German currently works at NASA’s Johnson Space Center in Houston, Texas, as a Propulsion Systems Flight Controller at the Mission Control Center under the Flight Operations Directorate. He works the Space Launch System (SLS) and the Falcon 9 Commercial Crew Programs. Here is an account of his experience at the Liquid Propulsion Laboratory:
I was part of LPL from Sept. 2018 – May 2020 (4 semesters). I started out working on Hydra as a Test Engineer and on the Jessie & James engine (J&J) as an Engine Development Engineer. I worked on the testing campaign for Hydra ahead of its static fire in November 2018, and worked on J&J nozzle designs that semester as well. I was also the lead for the Mobile Oxygen Manifold System (MOMS) team and was in charge of basic concept design all the way through manufacturing and testing (did PDR and CDR for MOMS). I then became the Feed Systems Lead and heavily worked on getting Hydra back up and running to try and get another successful firing by the end of the 2020 school year. Because of COVID-19, that didn’t happen.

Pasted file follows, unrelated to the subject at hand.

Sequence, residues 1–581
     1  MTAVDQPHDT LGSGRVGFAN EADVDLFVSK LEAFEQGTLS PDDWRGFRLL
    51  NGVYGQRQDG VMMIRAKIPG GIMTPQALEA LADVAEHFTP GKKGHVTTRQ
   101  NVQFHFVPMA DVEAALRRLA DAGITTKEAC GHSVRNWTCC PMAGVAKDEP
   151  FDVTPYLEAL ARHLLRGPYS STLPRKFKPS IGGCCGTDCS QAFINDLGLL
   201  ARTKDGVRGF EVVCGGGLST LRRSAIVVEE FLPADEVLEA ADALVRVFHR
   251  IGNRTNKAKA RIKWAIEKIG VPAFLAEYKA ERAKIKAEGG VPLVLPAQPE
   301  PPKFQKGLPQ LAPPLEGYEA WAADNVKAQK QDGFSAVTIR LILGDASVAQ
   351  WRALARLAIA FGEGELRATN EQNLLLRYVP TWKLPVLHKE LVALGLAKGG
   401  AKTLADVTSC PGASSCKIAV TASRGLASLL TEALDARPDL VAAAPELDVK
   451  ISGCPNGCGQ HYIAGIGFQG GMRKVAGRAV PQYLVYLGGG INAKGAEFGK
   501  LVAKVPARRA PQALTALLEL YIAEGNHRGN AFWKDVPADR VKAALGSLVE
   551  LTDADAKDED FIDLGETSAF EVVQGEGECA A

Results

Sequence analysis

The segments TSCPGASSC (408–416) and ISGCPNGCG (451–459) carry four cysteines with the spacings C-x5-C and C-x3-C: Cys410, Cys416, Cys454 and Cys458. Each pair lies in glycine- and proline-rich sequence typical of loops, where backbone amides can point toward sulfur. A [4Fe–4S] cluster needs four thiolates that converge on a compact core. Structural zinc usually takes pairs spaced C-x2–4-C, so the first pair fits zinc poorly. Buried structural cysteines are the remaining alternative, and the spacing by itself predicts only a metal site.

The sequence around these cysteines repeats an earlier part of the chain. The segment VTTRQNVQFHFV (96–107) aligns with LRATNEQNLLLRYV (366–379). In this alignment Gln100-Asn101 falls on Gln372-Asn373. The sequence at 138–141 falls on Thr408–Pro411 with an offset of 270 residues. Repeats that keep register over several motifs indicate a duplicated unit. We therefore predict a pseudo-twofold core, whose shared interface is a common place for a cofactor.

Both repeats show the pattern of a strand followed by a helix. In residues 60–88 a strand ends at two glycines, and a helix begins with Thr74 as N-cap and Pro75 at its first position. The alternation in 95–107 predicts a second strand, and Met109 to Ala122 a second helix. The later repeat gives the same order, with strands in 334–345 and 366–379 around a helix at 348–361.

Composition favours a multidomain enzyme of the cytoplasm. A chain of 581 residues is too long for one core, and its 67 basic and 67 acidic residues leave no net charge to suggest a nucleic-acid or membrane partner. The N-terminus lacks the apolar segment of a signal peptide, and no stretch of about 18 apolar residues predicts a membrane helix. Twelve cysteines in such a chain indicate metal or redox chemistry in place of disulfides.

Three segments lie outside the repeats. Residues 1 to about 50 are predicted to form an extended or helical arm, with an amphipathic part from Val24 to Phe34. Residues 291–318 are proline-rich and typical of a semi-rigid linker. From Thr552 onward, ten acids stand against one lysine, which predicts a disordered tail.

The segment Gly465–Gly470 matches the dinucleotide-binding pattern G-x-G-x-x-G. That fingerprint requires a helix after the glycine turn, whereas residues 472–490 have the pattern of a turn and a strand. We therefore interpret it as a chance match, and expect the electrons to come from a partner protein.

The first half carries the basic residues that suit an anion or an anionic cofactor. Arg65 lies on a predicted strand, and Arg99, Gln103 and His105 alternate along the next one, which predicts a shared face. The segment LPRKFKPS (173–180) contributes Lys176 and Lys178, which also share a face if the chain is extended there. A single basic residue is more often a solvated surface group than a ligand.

My favorite thing was getting to use and learn about hardware that I had only seen in textbooks. Working on an actual system like Hydra or Water Flow Test Stand (WFTS) was an incredible learning opportunity that taught me many lessons that got me to where I am today. Designing and maintaining feed system hardware, software, and creating Piping and Instrumentation Diagrams (P&IDs) were my favorite tasks.
Advice that I would give current members:
1) Get involved in testing as much as you can and ask questions! Everybody there is learning and no one is an expert. Don’t be afraid to ask lots of questions because it will make you a better engineer and make you more useful in the future. Be open to learning new skills.
2) Become a lead of a project – small or big. Leading a team and taking responsibility for a project will teach you many valuable skills about leadership, time management, teamwork and cooperation; all very important skills for engineers.